• Djerba Island, Tunisia: Muslim and Jewish business owners plan on developing infrastructure to accomodate pilgrim and tourist visits to sites such as the Ghriba Synagogue, the oldest synagogue in Africa.
• Etchmiadzin, Armenia: Orthodox Christian. Planning is underway for a model green pilgrimage city focusing on education, water and energy. Pilgrims come to see the oldest cathedral in the world, Etchmiadzin Cathedral, built in the early fourth century.
• Fez, Morocco: Muslim. At more than 1,000 years old, Fez is considered the spiritual heartland of Morocco. The city is planning biogas collection for public lighting.
• Fujaira, United Arab Emirates: Muslim. planning new pilgrimage and tourist facilities based on traditional Islamic architecture. Among other sacred sites, pilgrims come to visit the 500 year old Al Bidya Mosque, called the oldest, smallest and most beautiful mosque in UAE.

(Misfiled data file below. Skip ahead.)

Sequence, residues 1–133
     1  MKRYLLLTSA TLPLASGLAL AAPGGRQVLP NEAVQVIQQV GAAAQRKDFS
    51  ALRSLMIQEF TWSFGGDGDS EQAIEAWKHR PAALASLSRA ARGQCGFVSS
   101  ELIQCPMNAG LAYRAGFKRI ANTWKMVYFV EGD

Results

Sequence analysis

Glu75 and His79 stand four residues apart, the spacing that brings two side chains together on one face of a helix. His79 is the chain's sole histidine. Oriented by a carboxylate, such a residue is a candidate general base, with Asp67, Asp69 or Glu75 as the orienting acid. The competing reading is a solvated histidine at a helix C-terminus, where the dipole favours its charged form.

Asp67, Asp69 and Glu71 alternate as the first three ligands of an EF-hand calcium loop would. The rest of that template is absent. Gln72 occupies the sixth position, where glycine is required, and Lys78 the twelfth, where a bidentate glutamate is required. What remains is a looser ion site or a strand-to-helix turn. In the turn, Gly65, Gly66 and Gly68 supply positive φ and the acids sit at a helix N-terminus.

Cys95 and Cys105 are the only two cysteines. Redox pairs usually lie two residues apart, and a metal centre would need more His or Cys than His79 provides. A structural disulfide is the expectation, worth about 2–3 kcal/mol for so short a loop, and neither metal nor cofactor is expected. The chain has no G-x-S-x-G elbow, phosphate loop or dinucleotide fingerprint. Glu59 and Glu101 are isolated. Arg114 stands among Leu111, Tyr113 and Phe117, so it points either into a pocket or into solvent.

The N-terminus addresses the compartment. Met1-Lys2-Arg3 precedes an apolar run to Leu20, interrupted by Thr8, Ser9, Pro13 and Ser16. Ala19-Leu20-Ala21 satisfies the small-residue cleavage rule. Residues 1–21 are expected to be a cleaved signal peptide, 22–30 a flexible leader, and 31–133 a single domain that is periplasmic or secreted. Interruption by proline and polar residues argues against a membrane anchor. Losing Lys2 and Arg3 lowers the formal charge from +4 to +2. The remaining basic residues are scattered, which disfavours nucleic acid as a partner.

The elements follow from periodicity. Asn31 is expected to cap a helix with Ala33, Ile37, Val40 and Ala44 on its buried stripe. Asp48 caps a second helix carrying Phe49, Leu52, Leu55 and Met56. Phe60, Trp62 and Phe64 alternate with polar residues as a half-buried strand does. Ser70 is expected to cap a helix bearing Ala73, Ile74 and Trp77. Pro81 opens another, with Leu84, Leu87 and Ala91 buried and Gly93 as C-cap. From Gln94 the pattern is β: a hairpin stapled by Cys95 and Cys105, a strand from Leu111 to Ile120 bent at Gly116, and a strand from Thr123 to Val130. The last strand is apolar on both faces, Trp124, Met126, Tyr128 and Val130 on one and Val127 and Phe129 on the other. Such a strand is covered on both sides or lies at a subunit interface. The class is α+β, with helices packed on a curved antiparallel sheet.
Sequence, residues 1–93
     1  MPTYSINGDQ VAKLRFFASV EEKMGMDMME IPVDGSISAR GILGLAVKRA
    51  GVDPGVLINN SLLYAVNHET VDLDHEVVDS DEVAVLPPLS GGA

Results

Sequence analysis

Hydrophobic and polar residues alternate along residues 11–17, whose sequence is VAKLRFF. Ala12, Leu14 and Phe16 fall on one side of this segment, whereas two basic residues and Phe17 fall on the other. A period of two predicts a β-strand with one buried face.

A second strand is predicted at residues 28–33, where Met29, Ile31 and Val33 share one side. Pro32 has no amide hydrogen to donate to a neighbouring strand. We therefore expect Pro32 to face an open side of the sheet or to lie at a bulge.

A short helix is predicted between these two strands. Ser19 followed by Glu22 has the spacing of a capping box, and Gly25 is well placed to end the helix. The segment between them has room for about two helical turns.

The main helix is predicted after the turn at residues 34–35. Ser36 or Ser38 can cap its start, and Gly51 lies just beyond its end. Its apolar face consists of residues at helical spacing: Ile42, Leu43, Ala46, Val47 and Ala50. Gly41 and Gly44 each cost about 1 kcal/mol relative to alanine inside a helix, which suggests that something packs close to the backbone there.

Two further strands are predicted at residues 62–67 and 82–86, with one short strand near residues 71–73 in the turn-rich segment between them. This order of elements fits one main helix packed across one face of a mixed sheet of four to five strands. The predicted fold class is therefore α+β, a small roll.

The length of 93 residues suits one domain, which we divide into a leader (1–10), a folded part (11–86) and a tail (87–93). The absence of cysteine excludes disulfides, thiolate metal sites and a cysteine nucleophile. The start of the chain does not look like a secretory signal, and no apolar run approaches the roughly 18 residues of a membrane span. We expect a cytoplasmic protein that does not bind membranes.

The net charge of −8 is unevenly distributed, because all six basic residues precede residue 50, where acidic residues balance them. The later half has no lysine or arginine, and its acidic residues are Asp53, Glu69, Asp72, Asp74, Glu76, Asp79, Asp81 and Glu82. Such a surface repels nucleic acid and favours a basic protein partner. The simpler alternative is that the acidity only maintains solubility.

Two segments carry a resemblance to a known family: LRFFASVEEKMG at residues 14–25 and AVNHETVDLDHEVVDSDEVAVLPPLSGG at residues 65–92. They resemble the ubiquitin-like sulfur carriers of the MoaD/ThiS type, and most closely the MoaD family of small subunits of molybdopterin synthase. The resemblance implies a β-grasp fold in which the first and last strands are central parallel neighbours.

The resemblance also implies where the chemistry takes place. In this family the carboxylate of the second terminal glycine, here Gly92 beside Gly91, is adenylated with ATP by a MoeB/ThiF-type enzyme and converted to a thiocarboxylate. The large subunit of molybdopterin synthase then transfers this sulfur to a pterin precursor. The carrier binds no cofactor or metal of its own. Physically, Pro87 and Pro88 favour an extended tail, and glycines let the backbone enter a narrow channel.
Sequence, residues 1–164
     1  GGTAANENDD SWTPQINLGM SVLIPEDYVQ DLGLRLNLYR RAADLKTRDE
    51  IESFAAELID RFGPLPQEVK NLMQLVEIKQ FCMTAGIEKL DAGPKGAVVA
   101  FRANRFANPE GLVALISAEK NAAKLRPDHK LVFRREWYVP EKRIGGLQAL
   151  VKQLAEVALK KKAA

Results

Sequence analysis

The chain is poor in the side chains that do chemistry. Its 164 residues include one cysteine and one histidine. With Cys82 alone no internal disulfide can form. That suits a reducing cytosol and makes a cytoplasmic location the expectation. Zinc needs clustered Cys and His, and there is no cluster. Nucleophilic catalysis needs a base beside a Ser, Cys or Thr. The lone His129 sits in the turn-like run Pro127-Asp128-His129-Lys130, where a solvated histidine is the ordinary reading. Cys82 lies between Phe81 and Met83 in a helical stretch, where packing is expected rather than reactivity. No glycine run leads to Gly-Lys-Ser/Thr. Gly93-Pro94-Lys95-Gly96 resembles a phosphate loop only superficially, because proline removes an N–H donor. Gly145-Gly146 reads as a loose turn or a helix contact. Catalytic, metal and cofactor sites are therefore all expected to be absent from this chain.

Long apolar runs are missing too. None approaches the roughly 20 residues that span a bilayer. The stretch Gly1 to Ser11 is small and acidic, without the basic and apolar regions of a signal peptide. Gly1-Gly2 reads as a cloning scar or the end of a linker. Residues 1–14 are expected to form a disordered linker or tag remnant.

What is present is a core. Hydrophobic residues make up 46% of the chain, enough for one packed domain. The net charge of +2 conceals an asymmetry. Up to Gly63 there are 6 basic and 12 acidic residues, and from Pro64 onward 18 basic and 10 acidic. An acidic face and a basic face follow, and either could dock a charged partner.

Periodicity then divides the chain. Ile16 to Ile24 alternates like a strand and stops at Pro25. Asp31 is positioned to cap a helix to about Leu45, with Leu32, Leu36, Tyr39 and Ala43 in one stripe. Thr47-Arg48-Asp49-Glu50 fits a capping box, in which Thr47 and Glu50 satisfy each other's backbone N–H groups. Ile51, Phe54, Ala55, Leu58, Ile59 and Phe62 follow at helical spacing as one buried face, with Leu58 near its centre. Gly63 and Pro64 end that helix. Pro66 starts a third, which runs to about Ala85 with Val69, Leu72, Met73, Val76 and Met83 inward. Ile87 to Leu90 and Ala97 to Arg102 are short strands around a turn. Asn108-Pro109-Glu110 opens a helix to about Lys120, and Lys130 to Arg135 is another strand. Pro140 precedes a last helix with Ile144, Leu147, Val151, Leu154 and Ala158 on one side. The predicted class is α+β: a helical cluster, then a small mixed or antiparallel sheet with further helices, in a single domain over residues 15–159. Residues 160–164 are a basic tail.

• Jiangsu Province, China: Taoist. Chinese authorities want to replace old energy systems in 200 temples with high tech sustainable technologies that will be a model for other, secular development in China.
• Kalakad Mundanthurai Tiger Reserve, India: Hindu. Two state governments are proposing sustainable financially viable ways to cope with the millions of pilgrims passing through to visit the tiger reserve, which forms the catchment area for 14 rivers and streams, including the Ganges. A core area of this reserve has been proposed as a national park.